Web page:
During the Middle Ages and later, high doses were used to induce abortions.[9][12][13] On the other hand, tansy was also used to help women conceive and to prevent miscarriages.[8][9][14] In the 15th century, Christians began serving tansy with Lenten meals to commemorate the Passover bitter herbs eaten by the Israelites.[11][14] Tansy was thought to have the added Lenten benefits of controlling flatulence brought on by days of eating fish and pulses[8][9] and of preventing the intestinal worms believed to be caused by eating fish during Lent.[15]

Tansy was used as a face wash and was reported to lighten and purify the skin.[8][9] In the 19th century, Irish folklore suggested that bathing in a solution of tansy and salts would cure joint pain.[16]

Insect repellent[edit]

Tansy has also been used as insect repellent[7] and in embalming.[9][10] It was packed into coffins, wrapped in funeral winding sheets, and tansy wreaths were sometimes placed on the dead.[7][9][10][14] Henry Dunster, the first president of Harvard University, was buried wearing a tansy wreath in a coffin packed with tansy; when the cemetery was moved in 1846 the tansy had maintained its shape and fragrance, helping to identify the president's remains.[7][9][14] By the 19th century, tansy was used so much at New England funerals that people began to disdain it for its morbid association with death.[9][11]

During the American colonial period, meat was frequently rubbed with or packed in tansy leaves to repel insects and delay spoilage.[7][9][14] Tansy was frequently worn at that time in shoes to prevent malaria and other fevers;[9][14] it has been shown, however, that some mosquito species, including Culex pipiens, take nectar from tansy flowers.[17]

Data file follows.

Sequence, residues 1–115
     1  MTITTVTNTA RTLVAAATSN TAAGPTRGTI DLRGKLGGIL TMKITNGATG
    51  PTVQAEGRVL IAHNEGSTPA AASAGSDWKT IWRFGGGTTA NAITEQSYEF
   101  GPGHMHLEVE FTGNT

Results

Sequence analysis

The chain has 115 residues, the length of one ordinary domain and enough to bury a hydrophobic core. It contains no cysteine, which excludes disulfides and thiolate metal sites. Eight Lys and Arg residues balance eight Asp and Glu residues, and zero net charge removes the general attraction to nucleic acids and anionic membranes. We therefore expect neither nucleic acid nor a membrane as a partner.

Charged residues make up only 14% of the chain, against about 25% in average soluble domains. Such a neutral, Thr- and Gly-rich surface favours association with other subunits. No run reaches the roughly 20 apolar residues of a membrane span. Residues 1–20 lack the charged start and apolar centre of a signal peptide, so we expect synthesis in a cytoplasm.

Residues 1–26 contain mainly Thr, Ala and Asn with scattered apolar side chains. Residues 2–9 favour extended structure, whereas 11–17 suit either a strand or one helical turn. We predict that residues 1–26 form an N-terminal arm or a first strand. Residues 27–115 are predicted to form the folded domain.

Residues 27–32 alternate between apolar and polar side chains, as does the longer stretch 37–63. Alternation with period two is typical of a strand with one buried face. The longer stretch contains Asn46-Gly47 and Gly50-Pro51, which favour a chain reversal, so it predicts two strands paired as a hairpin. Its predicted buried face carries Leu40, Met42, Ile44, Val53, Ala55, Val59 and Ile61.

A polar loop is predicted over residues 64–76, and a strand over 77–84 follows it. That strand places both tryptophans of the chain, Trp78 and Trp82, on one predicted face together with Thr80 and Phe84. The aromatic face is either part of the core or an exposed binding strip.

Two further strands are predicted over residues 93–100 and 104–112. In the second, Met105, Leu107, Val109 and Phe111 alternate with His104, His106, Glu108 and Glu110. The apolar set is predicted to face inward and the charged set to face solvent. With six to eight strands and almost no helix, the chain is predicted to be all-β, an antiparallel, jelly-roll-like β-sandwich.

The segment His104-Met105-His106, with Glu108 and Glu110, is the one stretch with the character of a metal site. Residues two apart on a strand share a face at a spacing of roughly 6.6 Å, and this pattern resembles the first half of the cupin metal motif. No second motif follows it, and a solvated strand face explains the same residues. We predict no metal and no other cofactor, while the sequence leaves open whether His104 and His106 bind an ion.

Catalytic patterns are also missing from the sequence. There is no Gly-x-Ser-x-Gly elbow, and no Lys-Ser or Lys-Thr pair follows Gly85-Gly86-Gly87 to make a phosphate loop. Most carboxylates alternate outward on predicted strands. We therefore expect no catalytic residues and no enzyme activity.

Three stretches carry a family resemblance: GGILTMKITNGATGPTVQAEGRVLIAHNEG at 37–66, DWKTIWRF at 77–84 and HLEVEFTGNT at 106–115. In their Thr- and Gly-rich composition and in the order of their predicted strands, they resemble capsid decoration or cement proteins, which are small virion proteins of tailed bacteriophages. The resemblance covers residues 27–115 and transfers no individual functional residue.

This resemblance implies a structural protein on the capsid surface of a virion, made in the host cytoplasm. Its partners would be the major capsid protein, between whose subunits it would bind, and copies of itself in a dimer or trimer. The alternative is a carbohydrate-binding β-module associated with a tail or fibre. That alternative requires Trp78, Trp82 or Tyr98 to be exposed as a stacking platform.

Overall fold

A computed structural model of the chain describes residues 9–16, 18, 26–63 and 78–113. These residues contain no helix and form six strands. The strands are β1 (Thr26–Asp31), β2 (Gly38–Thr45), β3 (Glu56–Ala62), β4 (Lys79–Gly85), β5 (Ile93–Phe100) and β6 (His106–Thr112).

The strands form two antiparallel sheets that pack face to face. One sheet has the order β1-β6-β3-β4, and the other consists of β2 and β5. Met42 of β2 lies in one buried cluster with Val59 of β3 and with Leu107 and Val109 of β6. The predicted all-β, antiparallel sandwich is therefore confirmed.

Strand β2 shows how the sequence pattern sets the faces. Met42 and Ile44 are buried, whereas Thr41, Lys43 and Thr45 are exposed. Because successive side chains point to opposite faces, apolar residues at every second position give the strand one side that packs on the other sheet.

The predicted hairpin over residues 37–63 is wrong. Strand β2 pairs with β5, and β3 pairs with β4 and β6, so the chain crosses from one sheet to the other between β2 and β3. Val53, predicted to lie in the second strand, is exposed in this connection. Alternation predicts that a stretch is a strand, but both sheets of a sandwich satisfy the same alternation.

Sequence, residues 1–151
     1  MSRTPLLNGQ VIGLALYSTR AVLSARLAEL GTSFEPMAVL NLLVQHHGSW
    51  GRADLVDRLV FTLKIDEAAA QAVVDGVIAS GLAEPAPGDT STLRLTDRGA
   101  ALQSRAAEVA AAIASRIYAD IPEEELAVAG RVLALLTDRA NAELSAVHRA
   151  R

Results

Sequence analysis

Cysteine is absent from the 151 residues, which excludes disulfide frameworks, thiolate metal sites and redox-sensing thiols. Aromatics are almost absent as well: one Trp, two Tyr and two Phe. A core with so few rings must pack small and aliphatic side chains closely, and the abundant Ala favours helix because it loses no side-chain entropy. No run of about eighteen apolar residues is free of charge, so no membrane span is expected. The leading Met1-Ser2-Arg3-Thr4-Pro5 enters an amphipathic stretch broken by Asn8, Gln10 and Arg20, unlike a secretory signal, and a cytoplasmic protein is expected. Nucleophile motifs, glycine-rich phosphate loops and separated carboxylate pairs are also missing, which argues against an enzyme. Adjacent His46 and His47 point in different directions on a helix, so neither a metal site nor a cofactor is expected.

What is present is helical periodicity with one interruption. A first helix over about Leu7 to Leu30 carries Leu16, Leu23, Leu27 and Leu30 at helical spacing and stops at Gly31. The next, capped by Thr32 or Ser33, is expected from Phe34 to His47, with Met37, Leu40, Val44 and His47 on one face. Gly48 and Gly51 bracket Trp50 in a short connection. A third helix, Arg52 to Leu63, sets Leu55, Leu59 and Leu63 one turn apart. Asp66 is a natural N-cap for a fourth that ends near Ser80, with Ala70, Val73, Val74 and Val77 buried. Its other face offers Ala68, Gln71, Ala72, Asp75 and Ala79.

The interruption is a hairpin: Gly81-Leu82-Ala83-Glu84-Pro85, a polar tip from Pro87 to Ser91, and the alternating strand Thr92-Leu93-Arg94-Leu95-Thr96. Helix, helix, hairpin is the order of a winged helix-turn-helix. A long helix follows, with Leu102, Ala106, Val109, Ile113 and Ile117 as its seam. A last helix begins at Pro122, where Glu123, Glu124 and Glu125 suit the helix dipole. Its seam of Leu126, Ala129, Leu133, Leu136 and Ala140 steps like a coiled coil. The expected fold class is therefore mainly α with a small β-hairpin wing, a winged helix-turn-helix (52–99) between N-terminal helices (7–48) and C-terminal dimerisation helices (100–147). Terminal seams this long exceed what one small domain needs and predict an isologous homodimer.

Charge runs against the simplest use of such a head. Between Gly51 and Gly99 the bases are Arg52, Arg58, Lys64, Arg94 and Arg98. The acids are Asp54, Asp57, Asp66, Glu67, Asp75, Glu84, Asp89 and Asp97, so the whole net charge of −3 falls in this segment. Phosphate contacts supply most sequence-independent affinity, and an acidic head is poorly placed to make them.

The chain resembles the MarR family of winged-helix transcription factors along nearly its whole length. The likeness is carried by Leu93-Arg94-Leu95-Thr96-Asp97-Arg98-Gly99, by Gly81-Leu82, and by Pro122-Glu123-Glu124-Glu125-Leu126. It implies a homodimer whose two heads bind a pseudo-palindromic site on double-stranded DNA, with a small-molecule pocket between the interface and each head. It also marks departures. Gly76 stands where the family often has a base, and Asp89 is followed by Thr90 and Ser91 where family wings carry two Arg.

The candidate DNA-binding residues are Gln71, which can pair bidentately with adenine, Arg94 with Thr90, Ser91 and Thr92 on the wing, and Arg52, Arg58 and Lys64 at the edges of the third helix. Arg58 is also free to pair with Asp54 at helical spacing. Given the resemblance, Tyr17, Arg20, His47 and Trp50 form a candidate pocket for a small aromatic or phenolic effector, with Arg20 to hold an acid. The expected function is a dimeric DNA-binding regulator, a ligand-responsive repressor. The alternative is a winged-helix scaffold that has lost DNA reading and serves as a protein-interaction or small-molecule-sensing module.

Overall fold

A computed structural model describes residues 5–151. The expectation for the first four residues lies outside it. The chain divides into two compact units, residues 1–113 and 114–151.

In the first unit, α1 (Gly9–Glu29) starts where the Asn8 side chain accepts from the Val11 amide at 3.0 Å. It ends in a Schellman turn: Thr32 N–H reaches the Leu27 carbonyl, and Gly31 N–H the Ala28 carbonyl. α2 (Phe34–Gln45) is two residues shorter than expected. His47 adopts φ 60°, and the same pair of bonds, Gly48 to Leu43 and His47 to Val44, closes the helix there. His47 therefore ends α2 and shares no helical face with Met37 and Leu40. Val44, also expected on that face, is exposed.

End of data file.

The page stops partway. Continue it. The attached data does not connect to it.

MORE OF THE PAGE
Tansy can be used as in companion planting and for biological pest control. It is planted alongside potatoes to repel the Colorado potato beetle, with one study finding tansy reduced the beetle population by 60 to 100 percent.[9][18][7]

In England tansy is placed on window sills to repel flies; sprigs are placed in bed linen to drive away pests, and it has been used as an ant repellent.[19]

In the 1940s, distilled tansy oil mixed with fleabane, pennyroyal and diluted alcohol was a well-known mosquito repellent; collectors were paid five cents a pound for tansy in full bloom.[9][20] Research has found that tansy extracts do indeed repel mosquitoes, but not as effectively as products containing DEET.[9][21] In 2008, researchers in Sweden investigated the use of tansy to repel ticks, showing a 64–72 percent repellency for each oil constituent.[22]


Detail of Tansy inflorescences